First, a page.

WASHINGTON • After a month of speculation and pleas ranging from comic to mildly desperate, Speaker Paul Ryan held an unusually formal news conference on Tuesday afternoon to rule out what he has always said he would not do: serve as the Republican nominee for president in 2016.
"Let me be clear," Mr Ryan said, addressing reporters at the Republican National Committee's headquarters. "I do not want, nor will I accept, the nomination of our party."
He then offered a strong opinion to convention delegates about how they should proceed in the case of a contested nomination: "If no candidate has the majority on the first ballot, I believe you should only turn to a person who has participated in the primary. Count me out."
Speculation about his intentions has escalated in recent weeks as large segments of the Republican Party are in despair over its two leading candidates, Mr Donald Trump and Senator Ted Cruz of Texas, a state of play that Mr Ryan's aides say has become an increasing distraction.
But in some ways, the Speaker's staff had added to that speculation, producing one campaign-style video depicting Mr Ryan as an above- the-fray politician seeking a "battle of ideas" and another as a ready-on- day-one leader taking a tour of the Middle East.
The circus surrounding what in any other year would be a statement of the obvious - a newly installed Speaker of the House does not wish to undo the will of thousands of voters and delegates in the dark of night at his party's convention - is simply the latest strange turn in a race replete with them.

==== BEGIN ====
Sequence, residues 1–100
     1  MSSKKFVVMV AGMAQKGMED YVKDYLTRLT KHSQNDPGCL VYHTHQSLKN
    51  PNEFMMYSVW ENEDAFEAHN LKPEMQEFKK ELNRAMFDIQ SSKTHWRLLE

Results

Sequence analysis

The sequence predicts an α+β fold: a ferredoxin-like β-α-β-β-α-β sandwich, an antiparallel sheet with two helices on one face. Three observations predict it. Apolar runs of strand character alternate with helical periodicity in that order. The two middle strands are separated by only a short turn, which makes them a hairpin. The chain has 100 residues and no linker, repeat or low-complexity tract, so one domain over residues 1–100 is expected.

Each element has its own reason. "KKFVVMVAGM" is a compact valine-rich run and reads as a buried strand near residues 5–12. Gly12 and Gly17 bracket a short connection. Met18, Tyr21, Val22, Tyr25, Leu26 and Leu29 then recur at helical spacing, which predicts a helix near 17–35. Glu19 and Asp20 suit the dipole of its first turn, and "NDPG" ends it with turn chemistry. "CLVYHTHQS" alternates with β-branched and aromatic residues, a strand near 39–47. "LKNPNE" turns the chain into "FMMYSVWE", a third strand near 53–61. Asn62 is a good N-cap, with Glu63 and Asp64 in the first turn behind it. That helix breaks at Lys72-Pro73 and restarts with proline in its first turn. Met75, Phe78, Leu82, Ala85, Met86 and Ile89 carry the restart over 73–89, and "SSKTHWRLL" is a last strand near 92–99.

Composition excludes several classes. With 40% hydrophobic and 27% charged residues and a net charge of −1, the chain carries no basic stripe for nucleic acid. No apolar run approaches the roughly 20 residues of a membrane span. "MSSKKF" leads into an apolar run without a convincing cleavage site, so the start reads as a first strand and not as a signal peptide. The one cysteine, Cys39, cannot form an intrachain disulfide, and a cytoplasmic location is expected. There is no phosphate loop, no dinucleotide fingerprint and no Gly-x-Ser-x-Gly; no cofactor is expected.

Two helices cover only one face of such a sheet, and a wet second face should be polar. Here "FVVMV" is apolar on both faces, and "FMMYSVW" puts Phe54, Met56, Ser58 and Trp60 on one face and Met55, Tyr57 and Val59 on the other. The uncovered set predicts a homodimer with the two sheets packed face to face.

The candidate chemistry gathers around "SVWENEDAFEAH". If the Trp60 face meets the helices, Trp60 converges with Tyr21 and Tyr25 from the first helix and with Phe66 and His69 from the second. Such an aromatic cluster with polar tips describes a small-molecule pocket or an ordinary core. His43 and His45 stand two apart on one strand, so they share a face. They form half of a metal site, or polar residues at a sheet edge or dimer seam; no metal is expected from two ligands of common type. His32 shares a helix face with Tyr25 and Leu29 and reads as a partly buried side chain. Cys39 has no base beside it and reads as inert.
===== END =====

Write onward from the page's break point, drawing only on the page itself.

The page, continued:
And with each twist, it seemed, more Republicans not aligned with Mr Trump or Mr Cruz saw an elegant solution in Mr Ryan.
On Tuesday, he said he would have none of it. "I simply believe that if you want to be the nominee - to be the president - you should actually run for it," said Mr Ryan, who will be the convention chairman. "I chose not to. Therefore, I should not be considered. Period. I just think it would be wrong to go any other way."
He could have easily reiterated his denials through a clearly worded news release. But by choosing to appear before the cameras and in front of four American flags at the Republican National Committee, he purposefully used the moment to call for a different, sunnier brand of conservatism than the grievance-oriented politics that have propelled Mr Trump to the top of the Republican race.
"I believe we can once again be that optimistic party that is defined by a belief in the limitless possibility of our people," he said.
NEW YORK TIMES